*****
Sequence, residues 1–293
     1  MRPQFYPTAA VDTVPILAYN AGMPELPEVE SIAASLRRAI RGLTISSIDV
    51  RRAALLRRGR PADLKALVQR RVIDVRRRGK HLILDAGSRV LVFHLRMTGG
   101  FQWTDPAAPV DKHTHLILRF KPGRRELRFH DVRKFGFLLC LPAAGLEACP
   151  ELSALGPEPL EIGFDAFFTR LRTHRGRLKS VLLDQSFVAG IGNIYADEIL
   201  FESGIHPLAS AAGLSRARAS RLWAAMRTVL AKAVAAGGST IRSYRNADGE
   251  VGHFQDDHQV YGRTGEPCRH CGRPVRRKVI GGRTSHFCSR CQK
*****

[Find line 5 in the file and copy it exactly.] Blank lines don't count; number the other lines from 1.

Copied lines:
   151  ELSALGPEPL EIGFDAFFTR LRTHRGRLKS VLLDQSFVAG IGNIYADEIL